Blog

Carly Richmond

Lead software engineer with a strong interest in Agile and Usability. Lover of cooking, photography and tea!

Jump In

Change is scary! Three months ago, ahead of my first day as a Developer Advocate, I had the same pre-first day butterflies in my stomach that I do with every change. Would I be good at this? Was it the right decision?

Despite my strong preparation and research ahead of taking this role, there were a few surprises I found along the way. Here I share five surprises I’ve encountered in my first 3 months as an advocate, for anyone curious about jumping into advocacy, or even those interested in movement from regulated industries such as banking to tech.

Should I Stay or Should I Go? (Na na na na na na na na)

Should I stay or move to a new company? That is a question that many engineers and individuals working in the technology landscape today ask themselves when figuring out their next career move.

I wouldn’t call myself an expert on developers resigning, but I do have a few thoughts on the resignation versus mobility debate. In my 10.6-year tenure, I’ve resigned twice, retracted a resignation once, moved teams twice, been promoted once, and moved roles several more times within teams. This experience has moulded my viewpoints on tech careers.

In this piece, I’ll cover the reasons people, and more specifically engineers, quit; when a move might be a better option for you; and tips for managers on how to handle resignations with grace based on my own experiences on both sides of the table.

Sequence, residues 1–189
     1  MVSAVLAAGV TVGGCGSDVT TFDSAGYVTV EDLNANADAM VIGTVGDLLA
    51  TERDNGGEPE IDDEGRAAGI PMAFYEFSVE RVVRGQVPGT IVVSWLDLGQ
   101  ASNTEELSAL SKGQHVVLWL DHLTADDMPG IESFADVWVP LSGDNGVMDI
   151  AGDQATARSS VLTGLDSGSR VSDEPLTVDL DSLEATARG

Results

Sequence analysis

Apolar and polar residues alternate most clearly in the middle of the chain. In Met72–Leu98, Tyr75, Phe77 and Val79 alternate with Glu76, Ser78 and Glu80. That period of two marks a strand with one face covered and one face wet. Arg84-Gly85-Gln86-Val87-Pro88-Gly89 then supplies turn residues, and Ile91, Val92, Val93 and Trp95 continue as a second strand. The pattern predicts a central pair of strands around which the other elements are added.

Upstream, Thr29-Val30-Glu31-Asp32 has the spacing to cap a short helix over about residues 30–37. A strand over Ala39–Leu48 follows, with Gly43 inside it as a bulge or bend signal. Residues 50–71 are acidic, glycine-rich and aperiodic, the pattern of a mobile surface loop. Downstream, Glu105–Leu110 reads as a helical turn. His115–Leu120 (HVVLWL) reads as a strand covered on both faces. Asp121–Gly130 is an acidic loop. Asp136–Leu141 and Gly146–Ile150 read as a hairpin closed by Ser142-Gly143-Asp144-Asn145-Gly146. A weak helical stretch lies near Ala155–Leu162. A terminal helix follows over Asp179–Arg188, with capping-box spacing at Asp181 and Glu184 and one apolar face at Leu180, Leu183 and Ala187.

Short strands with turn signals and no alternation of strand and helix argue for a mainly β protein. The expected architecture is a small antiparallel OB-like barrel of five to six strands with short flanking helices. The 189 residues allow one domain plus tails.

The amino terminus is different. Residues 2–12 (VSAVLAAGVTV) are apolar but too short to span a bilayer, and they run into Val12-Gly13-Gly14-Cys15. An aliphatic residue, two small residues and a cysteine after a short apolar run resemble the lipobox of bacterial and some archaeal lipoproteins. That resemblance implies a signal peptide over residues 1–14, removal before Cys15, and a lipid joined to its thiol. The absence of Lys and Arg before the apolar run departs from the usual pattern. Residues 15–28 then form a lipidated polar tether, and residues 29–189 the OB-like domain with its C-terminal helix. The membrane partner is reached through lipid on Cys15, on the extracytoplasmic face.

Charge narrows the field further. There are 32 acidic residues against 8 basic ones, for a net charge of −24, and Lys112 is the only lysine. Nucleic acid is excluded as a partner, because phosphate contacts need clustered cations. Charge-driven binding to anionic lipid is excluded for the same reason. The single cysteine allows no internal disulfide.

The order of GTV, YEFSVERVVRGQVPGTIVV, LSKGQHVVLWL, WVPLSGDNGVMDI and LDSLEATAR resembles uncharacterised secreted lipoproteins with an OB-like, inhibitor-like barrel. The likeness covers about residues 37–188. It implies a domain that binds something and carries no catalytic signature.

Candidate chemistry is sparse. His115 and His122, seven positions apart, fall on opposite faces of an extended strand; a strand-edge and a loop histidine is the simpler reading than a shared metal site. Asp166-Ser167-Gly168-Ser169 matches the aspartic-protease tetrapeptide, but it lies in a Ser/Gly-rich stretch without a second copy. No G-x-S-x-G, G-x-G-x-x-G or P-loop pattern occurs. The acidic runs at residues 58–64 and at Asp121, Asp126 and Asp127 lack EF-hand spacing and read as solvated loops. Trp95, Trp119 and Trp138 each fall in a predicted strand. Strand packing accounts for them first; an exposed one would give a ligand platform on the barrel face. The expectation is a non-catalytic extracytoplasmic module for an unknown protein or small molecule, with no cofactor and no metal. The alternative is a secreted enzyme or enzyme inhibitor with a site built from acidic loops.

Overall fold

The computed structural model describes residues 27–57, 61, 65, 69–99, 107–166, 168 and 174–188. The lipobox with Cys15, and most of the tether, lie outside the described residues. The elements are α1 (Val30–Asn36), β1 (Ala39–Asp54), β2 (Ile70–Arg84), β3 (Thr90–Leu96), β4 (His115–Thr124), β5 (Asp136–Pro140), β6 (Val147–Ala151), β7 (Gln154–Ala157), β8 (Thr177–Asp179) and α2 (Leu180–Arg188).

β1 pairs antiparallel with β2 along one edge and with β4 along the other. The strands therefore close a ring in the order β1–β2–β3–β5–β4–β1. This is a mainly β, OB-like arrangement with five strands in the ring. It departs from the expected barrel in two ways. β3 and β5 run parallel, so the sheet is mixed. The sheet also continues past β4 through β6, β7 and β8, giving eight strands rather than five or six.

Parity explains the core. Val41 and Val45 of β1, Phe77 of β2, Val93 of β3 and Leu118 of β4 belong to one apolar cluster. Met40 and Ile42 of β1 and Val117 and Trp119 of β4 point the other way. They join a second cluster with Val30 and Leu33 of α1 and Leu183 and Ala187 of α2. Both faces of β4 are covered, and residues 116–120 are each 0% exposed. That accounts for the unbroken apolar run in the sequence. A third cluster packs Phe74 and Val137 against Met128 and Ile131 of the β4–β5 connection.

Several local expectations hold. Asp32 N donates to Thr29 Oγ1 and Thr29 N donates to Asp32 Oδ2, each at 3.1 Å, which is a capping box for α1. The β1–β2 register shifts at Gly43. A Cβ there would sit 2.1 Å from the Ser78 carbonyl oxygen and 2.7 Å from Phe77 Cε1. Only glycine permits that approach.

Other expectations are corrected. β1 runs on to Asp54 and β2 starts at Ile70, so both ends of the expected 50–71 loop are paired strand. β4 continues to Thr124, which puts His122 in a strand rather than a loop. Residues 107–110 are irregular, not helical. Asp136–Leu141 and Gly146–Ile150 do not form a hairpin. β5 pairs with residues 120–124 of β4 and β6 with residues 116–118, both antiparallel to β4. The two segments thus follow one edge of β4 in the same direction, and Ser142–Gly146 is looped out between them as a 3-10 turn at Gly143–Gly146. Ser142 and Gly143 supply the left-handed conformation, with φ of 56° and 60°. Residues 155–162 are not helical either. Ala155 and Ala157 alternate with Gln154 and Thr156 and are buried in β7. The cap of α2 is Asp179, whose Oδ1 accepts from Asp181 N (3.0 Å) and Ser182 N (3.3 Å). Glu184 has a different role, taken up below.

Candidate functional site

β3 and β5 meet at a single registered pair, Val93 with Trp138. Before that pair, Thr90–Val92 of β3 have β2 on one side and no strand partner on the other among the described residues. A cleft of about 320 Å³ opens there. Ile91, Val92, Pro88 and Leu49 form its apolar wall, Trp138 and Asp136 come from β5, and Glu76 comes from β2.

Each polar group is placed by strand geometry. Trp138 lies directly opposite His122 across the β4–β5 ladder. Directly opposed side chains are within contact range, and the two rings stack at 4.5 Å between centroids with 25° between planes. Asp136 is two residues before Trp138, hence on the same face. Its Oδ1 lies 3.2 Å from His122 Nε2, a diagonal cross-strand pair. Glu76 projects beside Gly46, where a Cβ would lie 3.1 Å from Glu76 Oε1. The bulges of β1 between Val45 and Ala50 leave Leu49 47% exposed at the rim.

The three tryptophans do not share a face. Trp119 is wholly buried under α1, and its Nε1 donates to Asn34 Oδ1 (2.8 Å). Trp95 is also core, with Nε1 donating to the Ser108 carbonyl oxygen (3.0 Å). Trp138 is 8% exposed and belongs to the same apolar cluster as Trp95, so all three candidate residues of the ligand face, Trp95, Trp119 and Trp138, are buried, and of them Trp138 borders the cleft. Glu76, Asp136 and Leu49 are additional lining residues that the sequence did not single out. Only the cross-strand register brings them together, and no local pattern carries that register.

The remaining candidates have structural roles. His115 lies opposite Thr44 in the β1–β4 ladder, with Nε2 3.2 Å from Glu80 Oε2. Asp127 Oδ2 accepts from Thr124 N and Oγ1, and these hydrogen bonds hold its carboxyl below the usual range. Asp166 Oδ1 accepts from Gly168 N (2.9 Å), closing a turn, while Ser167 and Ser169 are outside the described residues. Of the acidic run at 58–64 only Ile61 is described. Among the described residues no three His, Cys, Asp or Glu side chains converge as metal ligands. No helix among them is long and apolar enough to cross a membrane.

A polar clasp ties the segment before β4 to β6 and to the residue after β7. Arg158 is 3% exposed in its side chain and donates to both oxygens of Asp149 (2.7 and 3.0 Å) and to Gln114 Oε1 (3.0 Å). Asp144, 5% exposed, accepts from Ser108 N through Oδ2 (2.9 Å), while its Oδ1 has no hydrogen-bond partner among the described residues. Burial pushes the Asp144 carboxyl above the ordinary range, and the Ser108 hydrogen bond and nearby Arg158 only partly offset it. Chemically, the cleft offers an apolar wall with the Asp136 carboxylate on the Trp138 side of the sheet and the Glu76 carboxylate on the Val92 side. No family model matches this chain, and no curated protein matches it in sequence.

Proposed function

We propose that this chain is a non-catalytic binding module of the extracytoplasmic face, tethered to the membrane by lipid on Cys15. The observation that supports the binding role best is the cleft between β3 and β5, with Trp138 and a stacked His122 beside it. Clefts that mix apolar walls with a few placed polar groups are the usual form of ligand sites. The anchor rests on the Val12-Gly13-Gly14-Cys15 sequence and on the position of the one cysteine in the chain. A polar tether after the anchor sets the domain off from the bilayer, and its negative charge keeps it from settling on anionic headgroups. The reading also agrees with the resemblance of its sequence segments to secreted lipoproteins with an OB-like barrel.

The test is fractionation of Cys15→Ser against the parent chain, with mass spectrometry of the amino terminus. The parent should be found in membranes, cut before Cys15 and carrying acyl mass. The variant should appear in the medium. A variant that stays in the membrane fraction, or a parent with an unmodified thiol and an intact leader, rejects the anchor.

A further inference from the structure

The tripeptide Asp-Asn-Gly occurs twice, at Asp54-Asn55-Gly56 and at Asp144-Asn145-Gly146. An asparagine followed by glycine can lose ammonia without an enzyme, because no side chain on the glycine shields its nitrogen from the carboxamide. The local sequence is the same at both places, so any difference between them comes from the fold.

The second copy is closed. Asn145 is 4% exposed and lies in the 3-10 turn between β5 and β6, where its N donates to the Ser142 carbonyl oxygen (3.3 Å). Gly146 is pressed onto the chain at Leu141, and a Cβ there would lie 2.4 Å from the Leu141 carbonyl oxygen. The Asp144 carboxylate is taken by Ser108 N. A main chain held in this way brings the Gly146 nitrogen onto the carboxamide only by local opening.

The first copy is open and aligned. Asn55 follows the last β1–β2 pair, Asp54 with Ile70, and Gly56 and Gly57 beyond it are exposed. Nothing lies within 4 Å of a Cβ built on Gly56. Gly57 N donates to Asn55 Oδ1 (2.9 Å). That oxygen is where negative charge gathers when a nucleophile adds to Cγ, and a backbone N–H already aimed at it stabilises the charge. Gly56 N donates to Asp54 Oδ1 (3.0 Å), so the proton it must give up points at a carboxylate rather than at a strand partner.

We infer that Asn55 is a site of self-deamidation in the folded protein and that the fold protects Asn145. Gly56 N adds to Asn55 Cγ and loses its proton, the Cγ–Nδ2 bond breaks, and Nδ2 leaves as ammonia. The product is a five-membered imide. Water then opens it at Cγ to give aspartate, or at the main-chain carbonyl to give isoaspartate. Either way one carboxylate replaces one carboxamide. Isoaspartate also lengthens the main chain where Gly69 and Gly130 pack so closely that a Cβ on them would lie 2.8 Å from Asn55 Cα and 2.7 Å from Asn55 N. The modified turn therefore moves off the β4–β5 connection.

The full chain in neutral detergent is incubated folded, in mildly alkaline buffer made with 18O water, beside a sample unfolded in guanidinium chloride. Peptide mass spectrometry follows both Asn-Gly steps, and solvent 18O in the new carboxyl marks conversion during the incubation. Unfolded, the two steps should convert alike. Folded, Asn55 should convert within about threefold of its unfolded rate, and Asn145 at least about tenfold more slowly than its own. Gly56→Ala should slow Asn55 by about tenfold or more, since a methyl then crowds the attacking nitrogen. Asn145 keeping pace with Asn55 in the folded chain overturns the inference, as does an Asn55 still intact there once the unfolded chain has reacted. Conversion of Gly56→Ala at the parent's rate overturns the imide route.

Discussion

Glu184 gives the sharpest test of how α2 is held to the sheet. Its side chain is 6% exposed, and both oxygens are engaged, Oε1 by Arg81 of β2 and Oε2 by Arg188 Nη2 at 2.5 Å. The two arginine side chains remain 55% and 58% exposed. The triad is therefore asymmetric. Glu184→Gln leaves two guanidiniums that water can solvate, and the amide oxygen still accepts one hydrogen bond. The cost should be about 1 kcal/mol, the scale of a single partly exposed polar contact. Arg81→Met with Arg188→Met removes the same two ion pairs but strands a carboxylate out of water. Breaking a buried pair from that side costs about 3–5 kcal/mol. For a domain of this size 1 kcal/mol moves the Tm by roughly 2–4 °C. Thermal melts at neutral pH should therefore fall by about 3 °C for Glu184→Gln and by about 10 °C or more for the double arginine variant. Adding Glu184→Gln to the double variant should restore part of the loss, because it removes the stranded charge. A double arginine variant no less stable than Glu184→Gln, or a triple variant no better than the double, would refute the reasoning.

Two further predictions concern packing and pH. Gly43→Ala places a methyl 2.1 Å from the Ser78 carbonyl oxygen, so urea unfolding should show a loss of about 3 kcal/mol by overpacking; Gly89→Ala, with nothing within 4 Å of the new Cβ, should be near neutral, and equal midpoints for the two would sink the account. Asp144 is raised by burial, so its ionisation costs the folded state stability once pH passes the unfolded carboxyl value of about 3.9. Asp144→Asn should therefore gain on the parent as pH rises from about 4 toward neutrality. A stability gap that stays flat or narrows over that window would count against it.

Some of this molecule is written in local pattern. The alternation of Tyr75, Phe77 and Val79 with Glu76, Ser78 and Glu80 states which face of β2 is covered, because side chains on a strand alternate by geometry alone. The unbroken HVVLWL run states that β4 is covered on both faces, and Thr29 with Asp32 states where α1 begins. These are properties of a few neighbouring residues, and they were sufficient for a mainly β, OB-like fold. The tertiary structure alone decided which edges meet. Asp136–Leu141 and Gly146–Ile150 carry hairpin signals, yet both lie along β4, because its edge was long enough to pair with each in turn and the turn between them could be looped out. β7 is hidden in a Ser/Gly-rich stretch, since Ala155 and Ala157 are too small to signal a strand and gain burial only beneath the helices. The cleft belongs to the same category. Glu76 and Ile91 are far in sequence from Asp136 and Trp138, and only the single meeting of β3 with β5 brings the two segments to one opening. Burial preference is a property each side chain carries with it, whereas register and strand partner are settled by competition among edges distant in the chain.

Speak Your Mind

The Differences Between Conference Attendance Experience as an Advocate versus Speaker and Attendee It’s tech conference season! I’m starting to find that there are two busy periods in the year for tech conferences: April-May and October-November. It’s kept me busy as a new developer advocate starting in April 2022. It’s more of a learn-by-doing approach,Continue reading “Speak Your Mind”

Get Off the Phone

In the world of always connected it’s often difficult to disconnect from work. Especially in the age of bring your own device, where many organisations give employees the ability to have work on personal devices.

After a year of having my personal device work free, I reflect on the benefits this has given me. Here I share the drivers that caused me to refute Bring Your Own Device, or BYOD, as a productivity driver, and share tips and tricks to help you decide whether unplugging from the work Matrix will work for you.

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